Research Article | Open Access
Carlos A. Nigro, Eduardo Dibur, Edgardo Rhodius, "Pulse Oximetry for the Detection of Obstructive Sleep Apnea Syndrome: Can the Memory Capacity of Oxygen Saturation Influence Their Diagnostic Accuracy?", Sleep Disorders, vol. 2011, Article ID 427028, 9 pages, 2011. https://doi.org/10.1155/2011/427028
Pulse Oximetry for the Detection of Obstructive Sleep Apnea Syndrome: Can the Memory Capacity of Oxygen Saturation Influence Their Diagnostic Accuracy?
Objective. To assess the diagnostic ability of WristOx 3100 using its three different recording settings in patients with suspected obstructive sleep apnea syndrome (OSAS). Methods. All participants (135) performed the oximetry (three oximeters WristOx ) and polysomnography (PSG) simultaneously in the sleep laboratory. Both recordings were interpreted blindly. Each oximeter was set to one of three different recording settings (memory capabilities 0.25, 0.5, and 1 Hz). The software (nVision 5.1) calculated the adjusted O2 desaturation index-mean number of O2 desaturation per hour of analyzed recording ≥2, 3, and 4% (ADI2, 3, and 4). The ADI2, 3, and 4 cutoff points that better discriminated between subjects with or without OSAS arose from the receiver-operator characteristics (ROCs) curve analysis. OSAS was defined as a respiratory disturbance index (RDI) ≥ 5. Results. 101 patients were included (77 men, mean age 52, median RDI 22.6, median BMI 27.4 kg/m2). The area under the ROCs curves (AUC-ROCs) of ADI2, 3, and 4 with different data storage rates were similar (AUC-ROCs with data storage rates of 0.25/0.5/1 Hz: ADI2: 0.958/0.948/0.965, ADI3: 0.961/0.95/0.966, and ADI4: 0.957/0.949/0.963, P NS). Conclusions. The ability of WristOx 3100 to detect patients with OSAS was not affected by the data storage rate of the oxygen saturation signal. Both memory capacity of 0.25, 0.5, or 1 Hz showed a similar performance for the diagnosis of OSAS.
The obstructive sleep apnea syndrome (OSAS) is characterized by partial or total closure of the pharynx during sleep, which produces irregular episodes of hypopnea or apnea associated with oxygen desaturation of variable magnitude. The degree of oxygen desaturation can depend on a number of factors including baseline level of oxygen saturation, lung volume, sleep stage, type and duration of respiratory events, location of the sensor, and technological differences between the oximeters [1–5]. Other parameters that can influence the morphology of the SO2 signal and the quantification of such data are the acquisition parameters including the averaging time and data storage rate of the SO2 signal [6–9]. Averaging time refers to the time window used by the device in order to produce a moving average of the data stream that works as a signal filter, smoothing out short term fluctuations. Different averaging times can produce different results with the same oximeter [7, 10], and also the same averaging time can lead to different results using different oximeters . Three reports have showed that when the averaging time and the data storage rate of the SO2 are shorter, the oxygen desaturation index (ODI) and the respiratory disturbance index (RDI) are generally higher and vice versa [10–12]. However, no study has evaluated yet whether the observed differences in the ODI with different acquisition parameters could affect the performance of pulse oximetry in terms of sensitivity and specificity for diagnosing OSAS. The Nonin WristOx 3100 is a small, lightweight pulse oximeter designed to be worn comfortably on the patient’s wrist. This type of device is ideal for use in the patient's home. This can be set to specific data storage rates for oxygen saturation signal (1, 0.5, 0.25 Hz), allowing a greater or lesser capacity for data storage in the device memory. We have recently validated the WristOx 3100 oximeter with polysomnography to diagnose OSAS . At that time, the oximeter was set to data storage rate of SO2 of 0.5 Hz. Therefore, the objective of this study was to assess the diagnostic ability of WristOx 3100 using its three different recording settings in patients with suspected OSAS.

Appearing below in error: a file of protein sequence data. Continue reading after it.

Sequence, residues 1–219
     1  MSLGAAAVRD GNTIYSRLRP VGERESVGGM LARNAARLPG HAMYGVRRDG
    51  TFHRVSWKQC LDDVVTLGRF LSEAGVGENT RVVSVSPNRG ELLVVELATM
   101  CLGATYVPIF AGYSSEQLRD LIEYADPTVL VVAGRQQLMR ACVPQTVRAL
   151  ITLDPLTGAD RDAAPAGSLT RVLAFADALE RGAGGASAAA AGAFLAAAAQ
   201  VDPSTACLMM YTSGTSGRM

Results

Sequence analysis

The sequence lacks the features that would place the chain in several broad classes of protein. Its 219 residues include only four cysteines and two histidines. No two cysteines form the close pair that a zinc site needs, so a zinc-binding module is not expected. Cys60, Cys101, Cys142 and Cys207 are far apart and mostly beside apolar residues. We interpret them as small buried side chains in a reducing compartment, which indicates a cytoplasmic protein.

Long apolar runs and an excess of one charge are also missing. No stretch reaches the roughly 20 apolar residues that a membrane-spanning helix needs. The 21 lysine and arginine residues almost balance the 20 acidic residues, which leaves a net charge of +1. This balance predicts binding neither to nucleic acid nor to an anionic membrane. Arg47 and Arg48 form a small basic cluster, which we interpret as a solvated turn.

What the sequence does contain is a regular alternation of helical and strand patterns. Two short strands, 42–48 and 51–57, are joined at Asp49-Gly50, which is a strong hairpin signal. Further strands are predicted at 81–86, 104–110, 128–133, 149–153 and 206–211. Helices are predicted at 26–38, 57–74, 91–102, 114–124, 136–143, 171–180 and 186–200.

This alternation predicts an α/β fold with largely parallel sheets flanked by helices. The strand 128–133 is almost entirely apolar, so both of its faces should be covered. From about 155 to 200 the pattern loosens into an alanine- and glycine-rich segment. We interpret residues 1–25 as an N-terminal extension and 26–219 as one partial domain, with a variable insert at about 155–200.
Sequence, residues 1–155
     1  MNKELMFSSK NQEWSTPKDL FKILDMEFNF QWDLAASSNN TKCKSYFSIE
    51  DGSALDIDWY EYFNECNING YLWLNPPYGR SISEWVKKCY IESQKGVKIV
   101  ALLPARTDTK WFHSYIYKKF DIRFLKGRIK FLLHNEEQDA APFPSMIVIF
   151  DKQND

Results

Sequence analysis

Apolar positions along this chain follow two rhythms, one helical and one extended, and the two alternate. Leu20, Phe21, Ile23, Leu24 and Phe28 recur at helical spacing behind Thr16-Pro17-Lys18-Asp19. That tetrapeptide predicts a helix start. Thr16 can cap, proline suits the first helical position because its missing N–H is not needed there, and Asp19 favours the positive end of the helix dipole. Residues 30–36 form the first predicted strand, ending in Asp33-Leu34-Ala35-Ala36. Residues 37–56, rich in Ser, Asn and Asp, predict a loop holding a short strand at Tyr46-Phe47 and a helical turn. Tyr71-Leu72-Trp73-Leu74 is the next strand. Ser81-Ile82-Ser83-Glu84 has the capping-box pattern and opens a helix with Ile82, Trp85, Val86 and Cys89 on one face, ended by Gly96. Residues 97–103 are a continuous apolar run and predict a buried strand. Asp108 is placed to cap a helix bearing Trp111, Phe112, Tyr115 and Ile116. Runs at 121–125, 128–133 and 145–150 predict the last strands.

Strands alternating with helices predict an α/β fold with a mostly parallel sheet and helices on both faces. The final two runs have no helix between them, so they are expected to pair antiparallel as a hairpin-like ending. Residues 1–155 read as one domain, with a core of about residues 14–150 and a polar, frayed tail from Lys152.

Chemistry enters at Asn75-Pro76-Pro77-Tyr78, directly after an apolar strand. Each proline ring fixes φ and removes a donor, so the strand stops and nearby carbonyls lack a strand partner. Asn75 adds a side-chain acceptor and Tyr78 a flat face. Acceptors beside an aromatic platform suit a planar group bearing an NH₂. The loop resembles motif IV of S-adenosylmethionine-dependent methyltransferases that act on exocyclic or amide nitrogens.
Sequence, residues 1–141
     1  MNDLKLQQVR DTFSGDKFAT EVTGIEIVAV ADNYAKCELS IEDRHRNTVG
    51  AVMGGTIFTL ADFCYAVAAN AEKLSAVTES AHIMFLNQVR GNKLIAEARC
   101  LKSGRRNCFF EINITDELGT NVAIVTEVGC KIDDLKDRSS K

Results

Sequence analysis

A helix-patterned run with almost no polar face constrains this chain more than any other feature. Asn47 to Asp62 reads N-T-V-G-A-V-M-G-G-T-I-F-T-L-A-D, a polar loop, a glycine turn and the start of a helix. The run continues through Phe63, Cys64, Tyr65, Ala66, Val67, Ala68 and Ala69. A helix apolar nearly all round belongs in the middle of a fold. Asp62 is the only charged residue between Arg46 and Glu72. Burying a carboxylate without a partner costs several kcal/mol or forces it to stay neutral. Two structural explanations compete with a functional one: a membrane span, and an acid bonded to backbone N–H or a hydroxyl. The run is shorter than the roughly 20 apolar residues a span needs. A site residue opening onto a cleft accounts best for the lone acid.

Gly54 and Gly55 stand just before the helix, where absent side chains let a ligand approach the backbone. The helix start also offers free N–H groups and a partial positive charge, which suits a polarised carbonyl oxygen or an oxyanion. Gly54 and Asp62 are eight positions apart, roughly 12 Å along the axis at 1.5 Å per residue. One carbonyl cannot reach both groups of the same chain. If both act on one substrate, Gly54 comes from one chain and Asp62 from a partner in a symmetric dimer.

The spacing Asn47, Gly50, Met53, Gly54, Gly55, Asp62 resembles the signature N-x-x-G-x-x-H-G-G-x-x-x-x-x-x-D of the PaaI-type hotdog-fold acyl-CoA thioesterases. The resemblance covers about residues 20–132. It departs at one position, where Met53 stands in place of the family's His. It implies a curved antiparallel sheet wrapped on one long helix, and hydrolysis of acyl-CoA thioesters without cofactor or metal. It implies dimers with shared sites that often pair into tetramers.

2.1. Patient Selection
A prospective clinical study was performed in 138 consecutive patients referred to the Hospital Alemán Sleep Laboratory for investigation of possible OSAS. The recruitment period extended from July 2009 to July 2010. The patients were derived by different specialities (Otorhinolaryngology, Pneumonology, Internal Medicine, Cardiology, and Neurology). The selection criteria were the following.(i)Inclusion criteria.(1)OSAS-suspected patients of both sexes (snoring with/without other symptoms such as apneas referred by someone and/or somnolence). (2)Age equal to or over 18 years old.(3)Patient’s consent for taking part in the study.(ii)Exclusion criteria.(1)Use of oxygen, CPAP, or some modality of noninvasive mechanical respiratory assistance during PSG.(2)Age under 18 years old.(3)Patients suspected of having congestive heart failure, neuromuscular disease, insomnia, parasomnias, periodic limb movement disorder, circadian rhythm disorders, or narcolepsy.(iii)Elimination criteria.(1)Polysomnographies with artifacts in EEG or respiratory channels (airflow, toracoabdominal movements, and SO2) that did not allow the reading of the sleep stages or the respiratory events. (2)Total sleep time less than 180 min in the PSG.(3)Oximetry with artifacts by disconnections or finger probe displacement.(4)A difference greater than or equal to 5 minutes between the analyzed times of the oximeters.